Novels: Shekhar: Ek Jiwani I (1941), II (1944), III (Unpublished), Nadi Ke Dvip (1952), Apne-apne Ajnabi (1961).
Stories: Vipathga (1937), Parmpara (1944), Kothri Ki Baat (1945), Sarnarthi (1948), Jai Dol (1951), Amar Vallari Tatha Anya Kahaniyan (1954), Kadiyan Tatha Anya Kahaniyan (1957), Acchute Phool Tatha Anya Kahaniyan (1960), Ye Tere Pratiroop (1961), Jigyasa Tatha Anya Kahaniyan (1965), Chhorra Hua Rasta (Sampoorn Kahaniyan-1, 1975), Lautti Pagdandiyan (Sampoorn Kahaniyan-2, 1975), Sampurn Kahaniyan (2005).
Travelogues: Are Yayavar Rahega Yaad (1953), Ek Boond Sahsa Uchhli (1960), Kiranon Ki Khoj Main (1955).
Criticism: Trishanku, Hindi Sahitya: Ek Adhunik Paridrishya, Atmanepad, Aatmparak, Alwal, Likhi Kagad Kore, Jog Likhi, Adyatan, Samvatsar, Smriti Ke Paridrishya, Strot Aur Setu, Vyakti Aur Vyavastha, Yug-sandhion Par, Dhara Aur Kinare, Bharatiya Kala Drishti, Smritichhanda, Kendra Aur Paridhi, Srijan: Kyon Aur Kaise, Kavi Nikash.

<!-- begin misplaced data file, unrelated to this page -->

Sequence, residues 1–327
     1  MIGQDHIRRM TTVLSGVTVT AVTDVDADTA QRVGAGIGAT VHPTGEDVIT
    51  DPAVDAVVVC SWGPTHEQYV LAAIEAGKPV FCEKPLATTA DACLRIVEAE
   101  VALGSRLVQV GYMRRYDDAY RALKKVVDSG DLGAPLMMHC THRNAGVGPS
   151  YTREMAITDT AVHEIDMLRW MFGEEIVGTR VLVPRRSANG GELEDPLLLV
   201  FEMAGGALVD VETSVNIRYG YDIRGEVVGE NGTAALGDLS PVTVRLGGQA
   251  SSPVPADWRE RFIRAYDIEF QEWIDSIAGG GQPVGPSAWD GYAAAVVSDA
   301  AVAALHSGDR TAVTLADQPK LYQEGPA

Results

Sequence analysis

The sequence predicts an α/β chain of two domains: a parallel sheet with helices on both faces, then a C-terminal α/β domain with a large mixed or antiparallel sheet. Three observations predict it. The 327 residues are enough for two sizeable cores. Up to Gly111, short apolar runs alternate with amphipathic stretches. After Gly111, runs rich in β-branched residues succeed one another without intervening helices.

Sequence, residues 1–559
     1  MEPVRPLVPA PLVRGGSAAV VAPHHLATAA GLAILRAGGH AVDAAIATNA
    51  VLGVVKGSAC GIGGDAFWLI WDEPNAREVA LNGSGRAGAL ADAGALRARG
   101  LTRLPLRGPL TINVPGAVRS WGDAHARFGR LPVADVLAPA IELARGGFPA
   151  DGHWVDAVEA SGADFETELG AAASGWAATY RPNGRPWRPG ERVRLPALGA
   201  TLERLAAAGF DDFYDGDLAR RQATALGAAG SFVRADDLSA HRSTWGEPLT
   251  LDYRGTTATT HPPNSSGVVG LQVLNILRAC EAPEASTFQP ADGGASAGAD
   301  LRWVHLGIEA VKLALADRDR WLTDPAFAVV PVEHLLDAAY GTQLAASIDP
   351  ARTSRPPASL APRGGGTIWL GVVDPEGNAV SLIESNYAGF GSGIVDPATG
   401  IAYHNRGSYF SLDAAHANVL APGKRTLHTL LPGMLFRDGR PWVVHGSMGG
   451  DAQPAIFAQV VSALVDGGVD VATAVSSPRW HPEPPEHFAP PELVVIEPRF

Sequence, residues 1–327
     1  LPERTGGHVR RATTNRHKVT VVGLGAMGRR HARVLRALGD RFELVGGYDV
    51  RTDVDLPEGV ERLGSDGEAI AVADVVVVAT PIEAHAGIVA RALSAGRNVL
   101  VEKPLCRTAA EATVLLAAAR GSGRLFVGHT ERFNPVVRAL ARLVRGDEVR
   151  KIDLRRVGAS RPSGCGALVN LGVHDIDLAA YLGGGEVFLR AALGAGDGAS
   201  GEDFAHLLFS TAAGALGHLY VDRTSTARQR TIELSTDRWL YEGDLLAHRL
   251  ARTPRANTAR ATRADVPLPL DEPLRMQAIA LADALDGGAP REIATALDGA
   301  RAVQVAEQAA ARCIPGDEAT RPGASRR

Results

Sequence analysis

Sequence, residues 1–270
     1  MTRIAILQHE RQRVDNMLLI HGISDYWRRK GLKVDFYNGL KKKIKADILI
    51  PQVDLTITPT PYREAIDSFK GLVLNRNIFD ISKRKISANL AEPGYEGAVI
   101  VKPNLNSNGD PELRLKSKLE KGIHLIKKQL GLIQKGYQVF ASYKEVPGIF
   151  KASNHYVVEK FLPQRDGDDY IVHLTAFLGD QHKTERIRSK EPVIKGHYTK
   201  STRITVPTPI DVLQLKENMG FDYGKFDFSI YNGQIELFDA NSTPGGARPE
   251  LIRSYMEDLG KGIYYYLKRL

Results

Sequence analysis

Translations: Rabindranath Tagore’s Gora into Hindi, Dharamveer Bharti’s Suraj Ka Satavan Ghoda into English, Jainendra Kumar’s Tyagpatra into English, Romain Rolland’s Vivekananda into Hindi.
About the collection: The collection contains correspondence with family and friends, contemporary writers and poets, journalists, publishers and political figures. There are diaries, notebooks, drafts, manuscripts, press clippings, pamphlets/booklets, photographs and drawings. One of the free thinkers of the Hindi literary world, his papers are most significant for the study and research of trends in modern Hindi literature in the twentieth century.
Donor: Vatsal Nidhi